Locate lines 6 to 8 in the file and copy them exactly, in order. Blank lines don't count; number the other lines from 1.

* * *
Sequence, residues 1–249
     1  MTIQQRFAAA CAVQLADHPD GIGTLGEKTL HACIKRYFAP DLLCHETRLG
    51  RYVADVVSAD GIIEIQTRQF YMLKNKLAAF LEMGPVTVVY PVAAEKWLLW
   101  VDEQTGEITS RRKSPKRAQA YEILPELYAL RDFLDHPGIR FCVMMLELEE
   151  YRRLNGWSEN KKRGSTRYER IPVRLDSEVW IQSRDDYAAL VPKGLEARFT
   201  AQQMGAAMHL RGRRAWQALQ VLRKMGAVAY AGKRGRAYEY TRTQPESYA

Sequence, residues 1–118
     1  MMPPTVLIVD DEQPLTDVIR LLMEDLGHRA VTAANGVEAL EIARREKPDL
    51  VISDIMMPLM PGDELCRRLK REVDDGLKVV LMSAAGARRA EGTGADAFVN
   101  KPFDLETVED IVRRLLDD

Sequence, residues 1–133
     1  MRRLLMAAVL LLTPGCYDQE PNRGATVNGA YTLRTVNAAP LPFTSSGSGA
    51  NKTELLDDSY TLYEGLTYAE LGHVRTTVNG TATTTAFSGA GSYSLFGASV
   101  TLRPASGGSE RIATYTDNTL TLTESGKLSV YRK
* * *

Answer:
   201  AQQMGAAMHL RGRRAWQALQ VLRKMGAVAY AGKRGRAYEY TRTQPESYA

Sequence, residues 1–118
     1  MMPPTVLIVD DEQPLTDVIR LLMEDLGHRA VTAANGVEAL EIARREKPDL